CASSY Carter has no reservations about breastfeeding in public.
But she does worry about making other people uncomfortable.
The Mowbray mother of five-week-old Jack Turner does sometimes notice that when she feeds him in public, friends and strangers don’t know where to look.
‘‘You can tell they’re worried about looking at me because they don’t want me to think they’re looking at my boob,’’ Ms Carter said.
Her message? Breastfeeding is normal. Relax.
Ms Carter, with Launceston General Hospital midwife Anna Pilkington, shared her experiences yesterday as part of International Breastfeeding week.
She said it was important for mothers to know where they could go for information and support, and more work was needed to break down the stigma around breastfeeding.
Mrs Pilkington said the World Health Organisation recommended exclusive breastfeeding for the first six months of a baby’s life, but it wasn’t always easy, and only 15 per cent of Australian women reached that goal.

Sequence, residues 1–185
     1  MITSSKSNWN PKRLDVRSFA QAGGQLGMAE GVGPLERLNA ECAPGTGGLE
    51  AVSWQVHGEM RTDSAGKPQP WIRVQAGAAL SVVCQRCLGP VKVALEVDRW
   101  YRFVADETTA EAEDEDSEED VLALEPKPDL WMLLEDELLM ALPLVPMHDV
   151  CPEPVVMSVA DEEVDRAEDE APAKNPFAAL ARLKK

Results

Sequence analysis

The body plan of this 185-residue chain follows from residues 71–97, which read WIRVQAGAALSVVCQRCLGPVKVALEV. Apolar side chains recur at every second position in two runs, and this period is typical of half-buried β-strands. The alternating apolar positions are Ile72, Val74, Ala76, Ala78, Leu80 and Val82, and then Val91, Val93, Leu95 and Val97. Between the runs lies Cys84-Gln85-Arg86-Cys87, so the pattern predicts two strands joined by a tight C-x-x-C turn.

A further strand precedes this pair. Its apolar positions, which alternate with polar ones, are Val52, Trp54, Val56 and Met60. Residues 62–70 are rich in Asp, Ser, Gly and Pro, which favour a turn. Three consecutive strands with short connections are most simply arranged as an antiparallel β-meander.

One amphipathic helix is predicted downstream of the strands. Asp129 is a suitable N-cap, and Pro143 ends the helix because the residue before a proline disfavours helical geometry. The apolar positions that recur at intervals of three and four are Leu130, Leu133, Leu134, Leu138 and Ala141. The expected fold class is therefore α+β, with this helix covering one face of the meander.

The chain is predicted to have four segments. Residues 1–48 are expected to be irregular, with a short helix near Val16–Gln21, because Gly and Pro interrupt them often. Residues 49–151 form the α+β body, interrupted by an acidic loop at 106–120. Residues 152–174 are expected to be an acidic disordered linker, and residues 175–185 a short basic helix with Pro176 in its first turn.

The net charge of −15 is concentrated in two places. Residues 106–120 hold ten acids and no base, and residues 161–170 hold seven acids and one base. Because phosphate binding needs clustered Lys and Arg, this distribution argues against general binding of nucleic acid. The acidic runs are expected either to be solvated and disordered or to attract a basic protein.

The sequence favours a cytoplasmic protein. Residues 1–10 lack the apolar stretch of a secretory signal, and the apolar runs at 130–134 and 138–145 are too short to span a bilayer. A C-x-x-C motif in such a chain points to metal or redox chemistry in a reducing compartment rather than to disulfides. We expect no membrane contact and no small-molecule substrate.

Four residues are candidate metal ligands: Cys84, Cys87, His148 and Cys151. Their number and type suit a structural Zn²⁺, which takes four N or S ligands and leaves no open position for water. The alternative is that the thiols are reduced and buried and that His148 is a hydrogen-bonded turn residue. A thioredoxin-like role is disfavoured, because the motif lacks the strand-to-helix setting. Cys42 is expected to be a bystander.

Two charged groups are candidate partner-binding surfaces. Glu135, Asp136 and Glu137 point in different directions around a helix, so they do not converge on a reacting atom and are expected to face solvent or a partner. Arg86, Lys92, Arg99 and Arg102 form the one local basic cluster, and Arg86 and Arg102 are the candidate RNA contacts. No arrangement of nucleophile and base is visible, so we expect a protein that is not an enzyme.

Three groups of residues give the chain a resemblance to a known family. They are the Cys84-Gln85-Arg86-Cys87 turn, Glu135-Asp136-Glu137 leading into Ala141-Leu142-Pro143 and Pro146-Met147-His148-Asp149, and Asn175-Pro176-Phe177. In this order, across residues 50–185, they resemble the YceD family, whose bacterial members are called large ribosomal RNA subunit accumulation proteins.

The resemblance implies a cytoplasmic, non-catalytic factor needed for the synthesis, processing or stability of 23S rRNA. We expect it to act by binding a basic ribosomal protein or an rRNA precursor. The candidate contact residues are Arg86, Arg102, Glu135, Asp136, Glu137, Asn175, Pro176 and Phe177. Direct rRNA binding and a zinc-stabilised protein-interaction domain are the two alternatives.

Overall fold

However, she said the Australian Breastfeeding Association was available for all mothers when things got tough.
Ms Carter said that while she understood and respected that not all women could or wanted to breastfeed, the potential benefits were enormous.
‘‘I just feel like I’m bonding with Jack in a different way, and there are nutritional benefits as well,’’ she said.